I have lived through the earliest generations of video games to what we have now. My first memories of sports games were on the Odyssey 2 system. I remember playing baseball, football, basketball and golf. The football game had a field that wasn't quite big enough (80 yards?). The basketball game was 1 on 1 with two large "hoops" on either end. The 2nd baseman in the baseball game played directly on 2nd base. (In hindsight, I think this is why I learned to hit opposite field in real life.)
Only 5 years later, the NES brought us Tecmo Bowl, First and Ten, Baseball Stars, RBI baseball and other games that were leaps and bounds beyond our original game playing experience. I'd spend nights with my neighbors creating our own leagues in Baseball Stars. You couldn't save games back then, so we'd just stay up all night. Eventually our Nintendo would overheat and give out, leading to 4:30 am yelling sessions.
Fast forward another 5 years to the early 1990s. My brother and I would gasp at the latest on Sega Genesis. The Madden games were amazingly innovative. We had real teams! And playbooks! And announcers! ("Oh no. There's a man down.")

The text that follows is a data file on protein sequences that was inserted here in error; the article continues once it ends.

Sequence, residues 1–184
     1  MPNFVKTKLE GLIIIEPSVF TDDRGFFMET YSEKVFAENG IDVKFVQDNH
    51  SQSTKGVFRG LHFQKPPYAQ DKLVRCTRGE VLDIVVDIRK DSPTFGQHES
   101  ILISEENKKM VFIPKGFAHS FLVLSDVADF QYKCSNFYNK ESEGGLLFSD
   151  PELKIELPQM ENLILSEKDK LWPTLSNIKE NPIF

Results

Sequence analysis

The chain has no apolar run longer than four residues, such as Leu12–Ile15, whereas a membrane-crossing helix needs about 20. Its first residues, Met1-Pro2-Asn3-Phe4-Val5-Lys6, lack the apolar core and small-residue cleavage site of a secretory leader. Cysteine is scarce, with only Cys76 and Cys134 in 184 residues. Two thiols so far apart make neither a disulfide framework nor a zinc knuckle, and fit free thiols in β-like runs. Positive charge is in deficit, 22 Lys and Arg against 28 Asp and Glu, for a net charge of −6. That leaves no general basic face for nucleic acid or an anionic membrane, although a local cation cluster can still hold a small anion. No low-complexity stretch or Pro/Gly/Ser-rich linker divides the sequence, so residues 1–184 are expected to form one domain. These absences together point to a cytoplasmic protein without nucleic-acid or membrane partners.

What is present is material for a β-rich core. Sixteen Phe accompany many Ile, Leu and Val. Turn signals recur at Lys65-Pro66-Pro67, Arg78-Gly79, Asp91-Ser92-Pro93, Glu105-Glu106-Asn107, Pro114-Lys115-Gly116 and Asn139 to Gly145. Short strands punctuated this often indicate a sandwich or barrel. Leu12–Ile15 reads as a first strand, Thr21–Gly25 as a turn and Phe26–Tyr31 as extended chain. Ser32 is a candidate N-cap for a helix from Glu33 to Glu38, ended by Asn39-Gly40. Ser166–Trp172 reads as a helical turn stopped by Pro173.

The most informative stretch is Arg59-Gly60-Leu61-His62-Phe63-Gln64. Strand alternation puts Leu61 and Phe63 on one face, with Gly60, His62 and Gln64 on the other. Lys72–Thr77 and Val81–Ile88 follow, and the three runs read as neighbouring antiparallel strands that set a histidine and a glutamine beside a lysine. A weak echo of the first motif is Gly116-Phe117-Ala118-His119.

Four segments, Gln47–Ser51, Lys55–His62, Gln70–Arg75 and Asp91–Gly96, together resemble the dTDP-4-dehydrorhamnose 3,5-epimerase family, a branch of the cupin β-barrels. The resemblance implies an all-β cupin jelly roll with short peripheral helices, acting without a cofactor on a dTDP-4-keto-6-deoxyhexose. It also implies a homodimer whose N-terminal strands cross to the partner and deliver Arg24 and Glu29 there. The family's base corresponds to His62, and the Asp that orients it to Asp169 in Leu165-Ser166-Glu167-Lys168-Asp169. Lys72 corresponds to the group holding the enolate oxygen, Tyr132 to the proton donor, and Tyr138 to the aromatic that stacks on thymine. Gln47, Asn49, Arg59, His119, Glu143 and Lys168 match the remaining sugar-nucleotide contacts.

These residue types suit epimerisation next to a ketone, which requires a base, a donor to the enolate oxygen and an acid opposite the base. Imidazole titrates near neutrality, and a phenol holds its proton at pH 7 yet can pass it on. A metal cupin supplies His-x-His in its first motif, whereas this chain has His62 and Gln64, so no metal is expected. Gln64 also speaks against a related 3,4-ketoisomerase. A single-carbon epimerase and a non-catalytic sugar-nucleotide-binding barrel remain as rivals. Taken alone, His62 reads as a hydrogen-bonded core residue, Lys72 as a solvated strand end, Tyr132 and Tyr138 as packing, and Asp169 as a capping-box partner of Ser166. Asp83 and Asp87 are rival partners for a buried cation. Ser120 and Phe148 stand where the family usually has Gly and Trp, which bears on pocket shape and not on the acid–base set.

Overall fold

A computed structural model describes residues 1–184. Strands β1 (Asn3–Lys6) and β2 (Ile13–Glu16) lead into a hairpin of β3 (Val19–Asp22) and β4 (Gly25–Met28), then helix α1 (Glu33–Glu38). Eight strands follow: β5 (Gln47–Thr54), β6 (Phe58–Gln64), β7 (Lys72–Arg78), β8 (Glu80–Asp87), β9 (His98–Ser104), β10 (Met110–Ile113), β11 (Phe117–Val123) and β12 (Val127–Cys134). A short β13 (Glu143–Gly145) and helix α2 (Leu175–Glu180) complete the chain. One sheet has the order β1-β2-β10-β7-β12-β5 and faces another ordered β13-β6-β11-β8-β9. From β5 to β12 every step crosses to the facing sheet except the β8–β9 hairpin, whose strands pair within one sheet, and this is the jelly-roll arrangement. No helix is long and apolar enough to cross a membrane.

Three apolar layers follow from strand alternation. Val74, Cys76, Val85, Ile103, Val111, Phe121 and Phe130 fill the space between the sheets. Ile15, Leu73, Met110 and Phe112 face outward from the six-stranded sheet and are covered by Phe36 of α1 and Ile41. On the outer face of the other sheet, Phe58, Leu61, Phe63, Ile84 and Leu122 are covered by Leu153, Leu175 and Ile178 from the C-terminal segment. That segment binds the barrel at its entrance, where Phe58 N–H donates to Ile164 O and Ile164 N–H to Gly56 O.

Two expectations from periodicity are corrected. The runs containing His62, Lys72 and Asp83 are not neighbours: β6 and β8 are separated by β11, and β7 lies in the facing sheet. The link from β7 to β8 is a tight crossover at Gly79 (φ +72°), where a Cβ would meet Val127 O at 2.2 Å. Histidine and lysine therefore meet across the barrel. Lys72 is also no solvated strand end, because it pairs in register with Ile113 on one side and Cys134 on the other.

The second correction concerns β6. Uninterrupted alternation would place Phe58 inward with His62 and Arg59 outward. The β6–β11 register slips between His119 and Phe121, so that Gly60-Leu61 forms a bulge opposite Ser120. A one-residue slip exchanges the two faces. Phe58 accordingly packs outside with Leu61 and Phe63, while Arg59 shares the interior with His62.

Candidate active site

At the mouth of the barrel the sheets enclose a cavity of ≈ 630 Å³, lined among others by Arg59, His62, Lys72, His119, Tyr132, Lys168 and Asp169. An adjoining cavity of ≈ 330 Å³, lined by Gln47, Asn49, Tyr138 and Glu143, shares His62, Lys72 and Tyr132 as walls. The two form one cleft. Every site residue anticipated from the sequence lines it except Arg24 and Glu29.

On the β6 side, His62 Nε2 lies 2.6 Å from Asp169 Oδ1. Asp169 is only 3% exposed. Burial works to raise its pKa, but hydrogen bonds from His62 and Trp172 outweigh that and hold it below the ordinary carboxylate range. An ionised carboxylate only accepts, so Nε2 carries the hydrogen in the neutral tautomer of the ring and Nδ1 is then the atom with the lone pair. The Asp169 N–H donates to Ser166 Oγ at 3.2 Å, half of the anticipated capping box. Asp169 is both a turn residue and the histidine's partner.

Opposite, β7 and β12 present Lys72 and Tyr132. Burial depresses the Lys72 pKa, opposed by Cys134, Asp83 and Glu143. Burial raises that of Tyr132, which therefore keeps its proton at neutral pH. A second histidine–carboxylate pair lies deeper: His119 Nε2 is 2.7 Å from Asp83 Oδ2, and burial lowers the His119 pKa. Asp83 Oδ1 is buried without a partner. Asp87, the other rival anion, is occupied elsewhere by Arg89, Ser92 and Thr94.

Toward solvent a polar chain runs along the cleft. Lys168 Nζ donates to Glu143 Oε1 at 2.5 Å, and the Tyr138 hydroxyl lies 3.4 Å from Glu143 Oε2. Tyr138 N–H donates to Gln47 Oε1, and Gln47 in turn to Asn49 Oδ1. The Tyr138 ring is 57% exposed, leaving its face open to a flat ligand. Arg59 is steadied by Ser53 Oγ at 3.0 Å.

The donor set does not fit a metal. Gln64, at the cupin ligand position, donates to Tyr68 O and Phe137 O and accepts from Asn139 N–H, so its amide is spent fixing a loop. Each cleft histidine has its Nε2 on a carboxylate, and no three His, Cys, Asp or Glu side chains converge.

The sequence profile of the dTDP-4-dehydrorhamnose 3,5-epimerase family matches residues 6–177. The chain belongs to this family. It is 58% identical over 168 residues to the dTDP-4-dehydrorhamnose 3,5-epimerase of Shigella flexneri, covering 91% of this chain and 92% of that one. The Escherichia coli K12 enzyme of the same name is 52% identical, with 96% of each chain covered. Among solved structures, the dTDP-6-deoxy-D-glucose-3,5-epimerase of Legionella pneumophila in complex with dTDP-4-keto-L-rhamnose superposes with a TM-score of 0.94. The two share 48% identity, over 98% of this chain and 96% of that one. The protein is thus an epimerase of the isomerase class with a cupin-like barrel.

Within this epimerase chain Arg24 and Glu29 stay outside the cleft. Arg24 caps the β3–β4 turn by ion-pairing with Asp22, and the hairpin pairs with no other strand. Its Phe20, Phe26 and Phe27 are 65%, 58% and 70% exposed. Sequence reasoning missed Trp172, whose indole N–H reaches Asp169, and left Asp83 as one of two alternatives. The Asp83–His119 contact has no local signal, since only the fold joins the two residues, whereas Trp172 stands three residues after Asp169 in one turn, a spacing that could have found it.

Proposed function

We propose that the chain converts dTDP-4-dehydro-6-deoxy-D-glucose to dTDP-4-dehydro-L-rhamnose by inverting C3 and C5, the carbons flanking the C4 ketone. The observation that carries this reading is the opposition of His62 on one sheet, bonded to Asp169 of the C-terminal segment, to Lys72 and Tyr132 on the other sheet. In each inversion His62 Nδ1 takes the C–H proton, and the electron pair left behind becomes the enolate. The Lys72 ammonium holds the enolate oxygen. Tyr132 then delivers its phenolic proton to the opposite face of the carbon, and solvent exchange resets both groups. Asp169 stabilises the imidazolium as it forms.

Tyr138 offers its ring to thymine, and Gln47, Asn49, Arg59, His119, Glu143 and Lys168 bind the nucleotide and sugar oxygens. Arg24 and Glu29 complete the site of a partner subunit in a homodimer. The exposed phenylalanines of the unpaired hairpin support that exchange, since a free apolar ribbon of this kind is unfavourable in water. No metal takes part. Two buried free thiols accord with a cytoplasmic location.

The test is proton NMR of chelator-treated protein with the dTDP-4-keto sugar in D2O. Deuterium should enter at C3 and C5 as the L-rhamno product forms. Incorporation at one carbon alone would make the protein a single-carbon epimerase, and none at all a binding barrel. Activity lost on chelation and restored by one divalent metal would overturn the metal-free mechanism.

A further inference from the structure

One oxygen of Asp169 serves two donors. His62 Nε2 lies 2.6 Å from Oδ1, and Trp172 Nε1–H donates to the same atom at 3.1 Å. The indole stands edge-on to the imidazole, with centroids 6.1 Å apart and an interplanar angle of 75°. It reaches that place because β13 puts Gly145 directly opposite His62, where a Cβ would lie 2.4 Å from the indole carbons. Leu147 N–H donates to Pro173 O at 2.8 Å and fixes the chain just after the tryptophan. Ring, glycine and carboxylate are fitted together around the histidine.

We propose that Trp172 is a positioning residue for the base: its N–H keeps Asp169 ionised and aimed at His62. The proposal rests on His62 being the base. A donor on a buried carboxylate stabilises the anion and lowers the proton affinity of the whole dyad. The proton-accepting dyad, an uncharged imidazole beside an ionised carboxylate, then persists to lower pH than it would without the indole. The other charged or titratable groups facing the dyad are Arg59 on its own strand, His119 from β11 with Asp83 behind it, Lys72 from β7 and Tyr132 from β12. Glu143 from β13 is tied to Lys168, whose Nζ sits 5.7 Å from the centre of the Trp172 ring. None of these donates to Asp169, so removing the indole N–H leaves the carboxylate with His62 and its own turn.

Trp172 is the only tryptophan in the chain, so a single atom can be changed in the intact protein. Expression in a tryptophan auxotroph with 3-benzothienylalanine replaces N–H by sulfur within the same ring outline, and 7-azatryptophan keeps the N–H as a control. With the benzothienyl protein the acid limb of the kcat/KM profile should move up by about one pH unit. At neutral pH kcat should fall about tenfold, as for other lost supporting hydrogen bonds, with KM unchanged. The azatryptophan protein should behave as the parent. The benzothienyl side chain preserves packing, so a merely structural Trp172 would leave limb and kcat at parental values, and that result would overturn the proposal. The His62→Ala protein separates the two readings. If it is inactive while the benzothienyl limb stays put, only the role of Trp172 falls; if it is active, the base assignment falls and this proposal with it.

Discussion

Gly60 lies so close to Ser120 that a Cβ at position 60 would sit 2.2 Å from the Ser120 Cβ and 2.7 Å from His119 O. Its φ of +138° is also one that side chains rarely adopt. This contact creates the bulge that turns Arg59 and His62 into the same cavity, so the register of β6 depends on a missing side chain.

My brother still hesitates playing sports games with me after the "Madden Years" of the early - mid 90s.
The point here is that he and I used to say, "Wow. Look at what's happened to games over the past 10-15 years. Imagine what's going to happen 10-15 years from now." We were legitimately excited. Well, here we are, in late 2010. And that time is now. And I've recently purchased NBA 2K11 for my first basketball experience since NBA Jam some 15 years ago.
First off, I just want to give all sorts of praise to the video game industry. The level of detail in this game (and many other games) is simply extraordinary. Yes, you can play as any of the NBA teams. Yes, the likeness of the players is pretty impressive. And yes, they do tend to play to the skill level of the real player.
Many other details are not overlooked... The stadiums, the advertisements and even tattoos.
Each stadium even has their own sounds - For example, Minnesota has the howling Timberwolves.
Where I'm truly impressed is how lifelike the experience can be. The announcers, for the most part, are seamless in their play calling. Doris Burke is also on the sidelines giving updates on player health and what the coaches say.
Joakim Noah got hurt in reality? The game updates itself and you play as the Bulls. But without Noah who's injured on the bench. Current (real) scores tick away as you play, allowing you to keep up with your favorite team.
This game isn't for the faint of heart. It takes amazing amounts of practice. I would say that sports games are no longer for the casual player. (Although, I wouldn't mind seeing an NBA Jam type game that doesn't take oodles of skill.) You really have to understand basketball to play the game. You need to run plays, space the floor, make good passes in the passing lanes and only shoot high percentage shots. Playing with Kobe or LeBron won't help poor decision making.
Oh, and let's not forget, you can play as Michael Jordan on a few of his Bulls teams.